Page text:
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Andrew Cohen, a former Globe and Mail correspondent in Washington, is a journalist, professor and author of Two Days in June: John F. Kennedy and the 48 Hours That Made History.

When Brian Mulroney delivered a eulogy to George H.W. Bush at his funeral in Washington Wednesday, it was the last, lyrical act of a unique friendship between a prime minister of Canada and a president of the United States.

The death of Mr. Bush dissolves a fraternity like no other in our history – warm, deep and enduring – despite differences in character and country. Mr. Bush once called Mr. Mulroney, 15 years his junior, his “younger brother,” but he did not treat Canada as a junior partner.

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It was natural, then, for Mr. Mulroney to lionize him as he did at the Washington National Cathedral, declaring no president of the great republic “more courageous, more principled, more honourable.” For Mr. Mulroney, paying this kind of tribute has become an avocation. He spoke at the funeral of Ronald Reagan in 2004 and that of Mr. Reagan’s wife, Nancy, in 2016.

Mr. Mulroney’s relationship with Mr. Bush began when Mr. Bush was vice-president. It strengthened when Mr. Bush became president in 1989. They collaborated on fighting acid rain and forging the landmark agreement on free trade.

In June, 1999, they met in Montreal to celebrate the 10th anniversary of the agreement. They needed no reason to see each other then; they forgathered every Labour Day weekend at Mr. Bush’s seaside retreat in Kennebunkport, Me.

William Thorsell, who was then editor of The Globe and Mail, asked me to come from Washington to join him and a colleague in conversation with the two former leaders. I thought we would focus on free trade; William suggested exploring the personal, such as friendship, public service and life after politics.

Today, in Donald Trump’s America, the conversation that day is a hymn to civility, loyalty and humanity. There were differences in temperament. Mr. Bush was detached and modest. Mr. Mulroney was self-conscious, restless and in search of vindication.

Mr. Bush cared little about his legacy; he refused most interviews and declined to write a memoir. “Let the historians figure it out,” he told us. Mr. Mulroney promised a memoir, published in 2007; its 1,152 pages sometimes read like score settling and plea bargaining before history. Back in 1999, he felt his major achievements, such as free trade, were unappreciated.

Mr. Bush recalled the anguish of losing the presidency to Bill Clinton in 1992 (“I got clobbered”), which branded him “a one-term president.” On the last weekend of his presidency, shaken by losing office, he had invited Mr. Mulroney to join him at Camp David.

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“I wanted to have a good friend around,” Mr. Bush recalled in his distinctive nasal tone. “It wasn’t too happy a time.”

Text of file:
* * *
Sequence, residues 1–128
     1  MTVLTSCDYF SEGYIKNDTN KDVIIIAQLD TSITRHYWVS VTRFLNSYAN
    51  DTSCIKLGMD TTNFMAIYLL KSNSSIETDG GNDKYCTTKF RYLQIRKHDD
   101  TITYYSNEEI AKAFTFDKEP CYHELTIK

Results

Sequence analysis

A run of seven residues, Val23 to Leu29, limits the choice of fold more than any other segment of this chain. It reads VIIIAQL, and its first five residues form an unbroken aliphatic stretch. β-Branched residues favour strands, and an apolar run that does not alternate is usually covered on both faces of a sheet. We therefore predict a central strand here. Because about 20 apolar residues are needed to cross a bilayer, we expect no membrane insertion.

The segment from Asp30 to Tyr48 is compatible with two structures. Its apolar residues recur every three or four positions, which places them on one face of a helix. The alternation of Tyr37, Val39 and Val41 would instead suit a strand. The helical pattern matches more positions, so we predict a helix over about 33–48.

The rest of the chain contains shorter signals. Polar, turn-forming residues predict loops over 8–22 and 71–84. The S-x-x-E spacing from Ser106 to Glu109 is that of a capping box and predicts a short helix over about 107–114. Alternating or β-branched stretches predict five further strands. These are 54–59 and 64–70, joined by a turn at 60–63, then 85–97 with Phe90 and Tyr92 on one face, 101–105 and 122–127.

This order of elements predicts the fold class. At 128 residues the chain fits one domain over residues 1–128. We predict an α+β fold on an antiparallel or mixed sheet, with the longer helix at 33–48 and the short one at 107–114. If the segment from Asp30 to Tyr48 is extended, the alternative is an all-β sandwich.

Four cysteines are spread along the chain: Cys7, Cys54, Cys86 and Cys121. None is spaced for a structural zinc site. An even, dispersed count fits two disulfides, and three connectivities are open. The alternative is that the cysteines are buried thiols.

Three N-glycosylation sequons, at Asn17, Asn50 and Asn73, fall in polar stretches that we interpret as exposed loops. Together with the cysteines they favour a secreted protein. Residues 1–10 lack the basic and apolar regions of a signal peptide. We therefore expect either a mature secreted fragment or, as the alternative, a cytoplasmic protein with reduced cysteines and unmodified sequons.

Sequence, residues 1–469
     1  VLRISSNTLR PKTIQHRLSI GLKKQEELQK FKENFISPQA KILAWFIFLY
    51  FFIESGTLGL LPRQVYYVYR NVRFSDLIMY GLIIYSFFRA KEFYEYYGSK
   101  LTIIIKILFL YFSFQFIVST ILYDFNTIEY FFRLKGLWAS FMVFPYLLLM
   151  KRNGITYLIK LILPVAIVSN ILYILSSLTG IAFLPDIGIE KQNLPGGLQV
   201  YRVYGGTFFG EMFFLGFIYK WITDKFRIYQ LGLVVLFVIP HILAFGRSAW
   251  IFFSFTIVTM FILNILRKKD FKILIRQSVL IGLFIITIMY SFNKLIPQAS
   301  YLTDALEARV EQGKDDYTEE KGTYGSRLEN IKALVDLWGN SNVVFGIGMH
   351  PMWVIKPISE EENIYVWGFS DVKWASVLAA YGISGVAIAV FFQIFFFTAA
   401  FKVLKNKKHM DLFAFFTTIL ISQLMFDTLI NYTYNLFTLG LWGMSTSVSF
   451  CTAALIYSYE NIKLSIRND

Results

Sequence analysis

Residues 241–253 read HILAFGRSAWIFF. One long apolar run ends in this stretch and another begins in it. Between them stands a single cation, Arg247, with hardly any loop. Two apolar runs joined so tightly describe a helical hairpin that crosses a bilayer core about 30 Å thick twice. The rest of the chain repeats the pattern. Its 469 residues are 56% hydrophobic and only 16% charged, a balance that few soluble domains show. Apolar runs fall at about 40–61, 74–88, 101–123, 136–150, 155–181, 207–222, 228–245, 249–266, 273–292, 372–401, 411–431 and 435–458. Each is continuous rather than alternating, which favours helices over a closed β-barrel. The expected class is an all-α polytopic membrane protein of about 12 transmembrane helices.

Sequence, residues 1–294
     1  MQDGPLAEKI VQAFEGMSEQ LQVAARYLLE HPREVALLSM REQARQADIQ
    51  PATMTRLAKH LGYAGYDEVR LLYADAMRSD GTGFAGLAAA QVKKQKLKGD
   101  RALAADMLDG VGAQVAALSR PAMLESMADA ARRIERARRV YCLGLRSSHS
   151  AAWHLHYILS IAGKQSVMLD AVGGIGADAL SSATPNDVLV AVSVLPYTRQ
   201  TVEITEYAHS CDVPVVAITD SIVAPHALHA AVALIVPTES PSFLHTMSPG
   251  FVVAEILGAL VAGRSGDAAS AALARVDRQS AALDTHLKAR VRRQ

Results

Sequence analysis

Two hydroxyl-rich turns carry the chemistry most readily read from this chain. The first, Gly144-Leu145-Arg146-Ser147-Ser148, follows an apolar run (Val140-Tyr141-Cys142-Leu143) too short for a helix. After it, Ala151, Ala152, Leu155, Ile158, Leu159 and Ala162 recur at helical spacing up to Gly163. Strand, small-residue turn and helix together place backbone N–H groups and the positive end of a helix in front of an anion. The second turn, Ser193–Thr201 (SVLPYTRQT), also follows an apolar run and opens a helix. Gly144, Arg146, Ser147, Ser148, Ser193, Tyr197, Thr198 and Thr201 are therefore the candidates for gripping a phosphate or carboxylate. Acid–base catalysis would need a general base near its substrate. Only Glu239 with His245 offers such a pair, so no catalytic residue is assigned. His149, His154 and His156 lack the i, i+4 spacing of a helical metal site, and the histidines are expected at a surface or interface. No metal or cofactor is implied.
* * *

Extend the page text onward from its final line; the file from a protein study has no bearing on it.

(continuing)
Returning to private life was hard: “We moved out of the White House, moved down to a little house in Houston. Woke up president one day, unemployed the next. There is my wife and two dogs. That’s it.”

Five months later, in 1993, Mr. Mulroney would make a similar transition. He had retired as the most unpopular politician in Canada, and his Progressive Conservatives were decimated in the election that October. Mr. Mulroney had to make money. Mr. Bush did not.

In the years since, Mr. Mulroney has become an elder statesman in Canada, an éminence grise who robustly supported the Liberal government in renegotiating NAFTA. It was a display of patriotism that Mr. Bush surely applauded.

Both reflected their political cultures. Mr. Bush was welcomed into the circle of former presidents, which would allow him to call Mr. Clinton “a son.” In Canada, where prime ministers face each other as gladiators in Parliament, there is less of this kindness and gentility. It explains why former prime ministers dislike each other.

But presidents and prime ministers generally do play well, particularly Republicans and Conservatives, Democrats and Liberals. John F. Kennedy and Lester Pearson got along famously, as did Pierre Trudeau and Gerald Ford, as well as Mr. Clinton and Jean Chrétien. Some have no chemistry at all: Mr. Kennedy and John Diefenbaker; Richard Nixon and Mr. Trudeau; Barack Obama and Stephen Harper.

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There were prime ministers and presidents who held office longer than Brian and George. But none maintained a friendship longer, out of power, with the depth of affection that Mr. Bush and Mr. Mulroney did.

And so that’s why Brian Mulroney stood in the well of the Washington National Cathedral Wednesday. He was saying farewell, amid laughter and tears, to a friend.

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